• Gains and negative aspects measured on separate scales of 0-8
    • Categorized: little or none=0-2; some=3-5; substantial=6-8
  • Gains from caregiving
    • More confident about your abilities.
    • Taught you to deal with difficult situations.
    • Brought you closer to care recipient.
    • Gives you satisfaction that recipient is well cared for
  • Negative aspects of caregiving
    • Exhausted when you go to bed at night.
    • Have more things to do than you can handle.
    • Don't have time for yourself.
    • When you get a routine going, recipient's needs change.



Dementia caregivers provide a disproportionate share of aggregate monthly informal care hours

    Number of  
  Percent of  
  Mean hours  
of care
  monthly hours  
  Percent of  
All caregivers 17,949 100.0 74.8 1,342,520 100.0
Recipient dementia status
   No dementia 9,369 52.2 64.9 608,435 45.3
   Possible dementia 2,741 15.3 71.9 197,236 14.7
   Probable dementia   5,838 32.5 91.9 536,849 40.0

Dementia caregivers are less likely to be spouses, more likely to be daughters, and provide significantly higher mean monthly hours

Informal Caregiver characteristic Recipient dementia status
No dementia Possible dementia Probable dementia
%   Mean hours  
of help
%   Mean hours  
of help
%   Mean hours  
of help
Spouse   26.5   90   15.5   150   15.4   145
Daughter 25.8 60 29.4 72 35.0 102
Son 17.1 51 19.5 76 19.7 80
Other 30.6 56 35.6 35 30.0 61
<45 17.4 95 17.4 54 15.5 82
45-54 23.0 53 26.0 75 24.2 97
55-64 23.4 51 29.2 69 32.1 85
65-74 21.8 58 15.4 67 15.4 93
75+ 14.4 81 12.0 106 12.7 124
Not working   57.4 78 53.3 99 54.5 115
Working 42.6 48 46.7 42 45.5 65

Dementia caregivers are more likely to help with self care/mobility, navigating the health care system, and medical tasks

Little/no gains and substantial negative aspects of caregiving are more than twice as common for dementia caregivers

Care recipient dementia status All caregivers Self care or
mobility caregivers
  Little or  
no gains
  negative aspects  
  Little or  
no gains
  negative aspects  
No dementia 5.7 6.3 4.1 7.5
Possible dementia 5.7 6.5 5.4 7.8
Probable dementia   7.0 17.8** 8.1† 19.9**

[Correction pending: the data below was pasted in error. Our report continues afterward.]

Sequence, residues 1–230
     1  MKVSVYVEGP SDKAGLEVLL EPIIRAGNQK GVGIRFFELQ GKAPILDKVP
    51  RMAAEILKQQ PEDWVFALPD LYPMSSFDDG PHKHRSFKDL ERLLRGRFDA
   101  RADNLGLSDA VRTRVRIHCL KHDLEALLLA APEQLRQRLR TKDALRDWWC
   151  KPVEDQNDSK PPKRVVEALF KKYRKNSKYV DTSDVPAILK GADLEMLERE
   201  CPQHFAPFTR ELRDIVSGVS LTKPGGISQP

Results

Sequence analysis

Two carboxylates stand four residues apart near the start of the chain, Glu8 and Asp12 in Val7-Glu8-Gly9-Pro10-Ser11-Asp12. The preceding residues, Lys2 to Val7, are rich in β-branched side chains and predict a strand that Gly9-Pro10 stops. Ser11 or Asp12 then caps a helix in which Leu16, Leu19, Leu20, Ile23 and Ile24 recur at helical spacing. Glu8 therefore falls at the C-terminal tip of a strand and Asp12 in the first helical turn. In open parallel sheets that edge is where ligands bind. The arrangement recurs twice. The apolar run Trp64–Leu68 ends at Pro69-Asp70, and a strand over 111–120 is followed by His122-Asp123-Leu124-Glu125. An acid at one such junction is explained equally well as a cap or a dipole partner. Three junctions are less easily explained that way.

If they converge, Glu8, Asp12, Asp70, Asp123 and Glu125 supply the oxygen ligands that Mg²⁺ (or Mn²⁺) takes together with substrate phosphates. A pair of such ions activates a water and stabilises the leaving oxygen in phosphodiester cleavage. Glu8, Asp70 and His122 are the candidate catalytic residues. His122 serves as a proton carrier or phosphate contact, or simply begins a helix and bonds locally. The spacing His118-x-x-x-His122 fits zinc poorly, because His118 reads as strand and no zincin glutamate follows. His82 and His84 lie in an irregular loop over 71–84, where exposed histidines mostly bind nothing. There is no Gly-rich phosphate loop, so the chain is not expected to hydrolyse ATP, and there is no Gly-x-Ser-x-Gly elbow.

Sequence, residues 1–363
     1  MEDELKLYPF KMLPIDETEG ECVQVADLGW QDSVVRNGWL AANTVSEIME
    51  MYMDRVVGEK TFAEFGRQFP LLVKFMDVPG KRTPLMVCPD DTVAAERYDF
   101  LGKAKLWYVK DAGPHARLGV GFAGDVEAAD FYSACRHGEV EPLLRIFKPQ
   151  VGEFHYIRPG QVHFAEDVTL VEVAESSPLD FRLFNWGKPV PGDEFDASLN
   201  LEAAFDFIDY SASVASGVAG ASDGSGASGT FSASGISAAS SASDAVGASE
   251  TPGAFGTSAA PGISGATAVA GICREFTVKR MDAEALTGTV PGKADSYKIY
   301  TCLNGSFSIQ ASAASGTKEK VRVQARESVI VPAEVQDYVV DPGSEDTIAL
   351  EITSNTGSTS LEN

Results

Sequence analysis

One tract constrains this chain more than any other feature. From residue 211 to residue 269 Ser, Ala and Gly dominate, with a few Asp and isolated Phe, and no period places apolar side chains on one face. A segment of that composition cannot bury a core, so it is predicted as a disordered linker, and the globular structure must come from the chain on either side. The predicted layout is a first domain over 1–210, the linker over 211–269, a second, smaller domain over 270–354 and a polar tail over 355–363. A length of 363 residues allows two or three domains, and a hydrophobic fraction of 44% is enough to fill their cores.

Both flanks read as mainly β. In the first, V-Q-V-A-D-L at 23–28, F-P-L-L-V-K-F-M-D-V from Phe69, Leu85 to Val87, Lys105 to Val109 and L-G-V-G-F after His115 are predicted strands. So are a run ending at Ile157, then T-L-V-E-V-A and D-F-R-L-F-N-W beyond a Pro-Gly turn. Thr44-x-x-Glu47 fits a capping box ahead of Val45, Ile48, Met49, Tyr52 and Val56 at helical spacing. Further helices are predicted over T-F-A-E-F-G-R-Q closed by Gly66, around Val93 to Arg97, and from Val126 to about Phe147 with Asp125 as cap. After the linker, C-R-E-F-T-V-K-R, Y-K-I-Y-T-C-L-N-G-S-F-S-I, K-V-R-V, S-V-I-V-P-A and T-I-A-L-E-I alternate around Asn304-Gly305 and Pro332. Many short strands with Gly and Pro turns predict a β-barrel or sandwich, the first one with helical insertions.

**(*) significantly different from previous value at the 5%(10%) level in a two-tailed test.
††(†) significantly different from the value for No dementia at the 5%(10%) level in a two-tailed test.

Dementia caregivers are twice as likely to have used outside supports, most often respite or financial help for the recipient

Bar chart: no numbers/text given.
**(*) Receiving or seeking support differs by dementia status at p<0.05(p<0.10).


  • Nearly 1 in 3 of 18 million informal caregivers to 9 million older Americans, are assisting persons with probable dementia and account for 40 percent of aggregate care hours
  • Relative to those caring for persons with no dementia, they
    • provide higher mean hours of care
    • are more likely to assist with self-care or mobility and with health system navigation and health/medical tasks
    • are twice as likely to report little or no gains from caregiving and more than twice as likely to report substantial negative aspects
    • are far more likely to receive or seek outside support


  • Kasper, JD, VA Freedman, and BC Spillman. "Disability and Care Needs of Older Americans by Dementia Status: An Analysis of the 2011 National Health and Aging Trends Study." Report to the Assistant Secretary for Planning and Evaluation, Office of Disability, Aging, and Long-Term Care Policy, April 2014.
  • Spillman, BC, J Wolff, VA Freedman, and JD Kasper. "Informal Caregiving for Older Americans: An Analysis of the 2011 National Survey of Caregiving." Report to the Assistant Secretary for Planning and Evaluation, Office of Disability, Aging, and Long-Term Care Policy, April 2014.
  • Kasper, JD, VA Freedman, and BC Spillman. 2013. Classification of Persons by Dementia Status in the National Health and Aging Trends Study. Technical Paper #5. Baltimore: Johns Hopkins University School of Public Health. Available at